Natural light was incorporated wherever possible,” she notes. All the tenant spaces have large shopfronts and strip windows for natural light, while an opaque skylight above the main entrance stair allows natural light to filter into the open air foyer from above.

“Our focus was on the common areas of the building. The individual tenants were responsible for lighting their own spaces,” Newell says. “Our lighting supplier tested to ensure the required lux levels were achieved and battery back-ups have been provided on lights along escape routes to ensure that in the event of an emergency these routes remain illuminated.”

Newell believes there is a direct relationship between good lighting and how a space is experienced, and that natural light positively affects user experience. ”Naturally lit internal spaces enhance the user experience of a building and reduce the amount of interior lighting required for retail spaces during the day. Natural light increases the quality of space in the showrooms while the expanse of the shopfronts allows tenants to create large window displays.”

The façade

The detailing of the façades had economic and practical advantages. The use of face brick produced a façade structure and final finish in a single material. The brick façades were stained black to achieve the aesthetic intent while remaining maintenance free for the building’s lifespan. The brickwork is punctuated by full height strip windows which afford views of the city to the south and allow natural light into the showroom spaces.

By using a traditional building material – the brick – in an unconventional way a new aesthetic is achieved. An abstract pattern, formed out of recessed bricks, which runs down the face of the building, gives the façade a tactile quality. This approach articulates the texture of the exterior and interior of the building. The façade, when experienced from the interior, echoes an inversion of the texture.

The textured brickwork is experienced internally from an industrial steel staircase in an open-air foyer lit with opaque polycarbonate skylights. The steel staircase, which provides access to the tenants on the first floor, references another traditional industrial material used in an unconventional way. Expanded metal infill panels were used for the balustrades, with LED strip lights in the handrails. The journey up the staircase allows the user to experience the textured brickwork up close.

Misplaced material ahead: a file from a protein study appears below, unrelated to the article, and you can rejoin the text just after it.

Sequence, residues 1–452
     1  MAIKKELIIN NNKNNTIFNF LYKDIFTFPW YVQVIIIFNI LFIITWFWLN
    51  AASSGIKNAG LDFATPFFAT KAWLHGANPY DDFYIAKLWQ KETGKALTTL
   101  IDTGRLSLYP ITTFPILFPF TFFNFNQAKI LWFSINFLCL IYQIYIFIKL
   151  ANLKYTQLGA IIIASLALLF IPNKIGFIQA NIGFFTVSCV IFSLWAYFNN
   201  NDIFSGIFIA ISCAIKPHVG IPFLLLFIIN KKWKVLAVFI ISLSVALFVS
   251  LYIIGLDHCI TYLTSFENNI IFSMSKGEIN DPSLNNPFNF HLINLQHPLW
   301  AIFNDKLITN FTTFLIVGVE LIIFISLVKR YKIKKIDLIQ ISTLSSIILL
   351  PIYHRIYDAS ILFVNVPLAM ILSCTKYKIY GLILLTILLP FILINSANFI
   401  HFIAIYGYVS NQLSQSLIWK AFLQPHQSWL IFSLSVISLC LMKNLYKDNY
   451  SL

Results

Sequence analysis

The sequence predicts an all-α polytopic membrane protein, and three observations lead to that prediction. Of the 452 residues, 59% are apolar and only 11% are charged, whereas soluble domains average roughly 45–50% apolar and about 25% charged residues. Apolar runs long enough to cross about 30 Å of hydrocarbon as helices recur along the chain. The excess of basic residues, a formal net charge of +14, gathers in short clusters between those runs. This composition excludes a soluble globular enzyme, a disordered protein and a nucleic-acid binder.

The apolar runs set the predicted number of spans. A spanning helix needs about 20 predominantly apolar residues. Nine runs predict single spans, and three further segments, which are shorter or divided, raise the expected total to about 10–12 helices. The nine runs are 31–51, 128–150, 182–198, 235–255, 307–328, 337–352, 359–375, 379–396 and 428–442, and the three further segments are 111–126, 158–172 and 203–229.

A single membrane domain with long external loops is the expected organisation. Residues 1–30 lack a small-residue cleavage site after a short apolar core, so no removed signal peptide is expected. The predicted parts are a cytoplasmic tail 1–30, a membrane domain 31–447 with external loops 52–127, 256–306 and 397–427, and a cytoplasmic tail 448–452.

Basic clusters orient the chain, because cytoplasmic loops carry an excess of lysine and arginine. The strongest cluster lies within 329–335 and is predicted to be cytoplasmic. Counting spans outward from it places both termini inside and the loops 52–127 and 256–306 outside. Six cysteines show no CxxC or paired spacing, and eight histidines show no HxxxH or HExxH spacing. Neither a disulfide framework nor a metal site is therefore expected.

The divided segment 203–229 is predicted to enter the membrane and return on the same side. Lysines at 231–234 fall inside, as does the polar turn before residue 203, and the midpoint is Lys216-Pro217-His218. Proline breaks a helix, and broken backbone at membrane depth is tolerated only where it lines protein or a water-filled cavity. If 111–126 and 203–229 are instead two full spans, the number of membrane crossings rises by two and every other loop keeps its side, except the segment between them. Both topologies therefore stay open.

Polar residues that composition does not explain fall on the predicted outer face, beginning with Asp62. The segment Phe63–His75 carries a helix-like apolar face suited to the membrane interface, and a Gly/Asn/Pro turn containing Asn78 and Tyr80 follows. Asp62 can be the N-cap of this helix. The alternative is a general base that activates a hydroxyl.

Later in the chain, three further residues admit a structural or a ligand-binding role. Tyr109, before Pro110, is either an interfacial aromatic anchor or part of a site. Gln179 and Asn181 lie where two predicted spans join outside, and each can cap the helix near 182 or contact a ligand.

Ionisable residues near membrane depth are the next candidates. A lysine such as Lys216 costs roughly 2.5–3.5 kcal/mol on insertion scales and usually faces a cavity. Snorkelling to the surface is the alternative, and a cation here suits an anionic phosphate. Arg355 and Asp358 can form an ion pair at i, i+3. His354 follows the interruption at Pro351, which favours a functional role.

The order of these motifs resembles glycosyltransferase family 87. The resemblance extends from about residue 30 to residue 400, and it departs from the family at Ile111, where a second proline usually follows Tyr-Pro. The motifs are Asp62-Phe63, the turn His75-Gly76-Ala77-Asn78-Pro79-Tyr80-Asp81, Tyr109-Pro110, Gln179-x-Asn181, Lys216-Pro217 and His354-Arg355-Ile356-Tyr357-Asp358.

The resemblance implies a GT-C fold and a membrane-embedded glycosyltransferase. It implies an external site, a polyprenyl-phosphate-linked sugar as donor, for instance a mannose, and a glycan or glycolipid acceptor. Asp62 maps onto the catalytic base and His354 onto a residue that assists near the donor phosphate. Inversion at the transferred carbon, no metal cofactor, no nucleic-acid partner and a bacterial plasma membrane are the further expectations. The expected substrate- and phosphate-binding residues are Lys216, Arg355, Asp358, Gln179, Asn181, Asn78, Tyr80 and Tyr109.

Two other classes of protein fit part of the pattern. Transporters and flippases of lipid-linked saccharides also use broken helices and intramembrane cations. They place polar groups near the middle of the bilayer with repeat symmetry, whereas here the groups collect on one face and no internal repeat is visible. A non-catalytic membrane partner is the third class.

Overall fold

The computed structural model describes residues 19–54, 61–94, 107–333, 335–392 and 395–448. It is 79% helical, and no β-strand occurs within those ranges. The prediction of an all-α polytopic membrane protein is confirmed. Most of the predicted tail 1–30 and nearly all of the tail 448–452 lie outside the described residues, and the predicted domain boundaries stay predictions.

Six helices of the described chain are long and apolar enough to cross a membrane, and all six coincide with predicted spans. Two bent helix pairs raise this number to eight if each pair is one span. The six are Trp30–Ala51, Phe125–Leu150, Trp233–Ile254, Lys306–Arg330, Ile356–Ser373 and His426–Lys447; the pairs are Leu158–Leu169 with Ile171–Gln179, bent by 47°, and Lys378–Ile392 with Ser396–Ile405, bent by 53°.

Performance glazing was used to reduce the solar heat gain on the façades, and to reduce the energy consumption costs of heating and cooling the building. Insulation installed below the roof sheeting will reduce heat gain in summer and heat loss in winter. The concrete façades add thermal mass to the building. LED lighting was used throughout to reduce energy consumption even further. 

PROJECT TEAM

CLIENT: Alchemy: www.alchemyproperties.net

ARCHITECTS: Paragon Group: www.paragon.co.za

STRUCTURAL ENGINEERS: Pierre Badenhorst Engineers: www.pbe.co.za

MAIN CONTRACTOR: Astek

FIRE ENGINEERS: TWCE: www.twce.co.za

MECHANICAL CONSULTANT: Corporate Technical Services: www.corptechserv.co.za

ELECTRICAL CONSULTANT: Ernest Corporate Electrical

WET SERVICES CONSULTANT: Jazzman Plumbing

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Crown Publications, one of South Africa’s largest business-to-business publishing houses, came into existence in 1986. Since then, the company has grown from producing a single magazine, Electricity SA (renamed Electricity+Control), to publishing six monthly magazines, three quarterlies, and a number of engineering handbooks.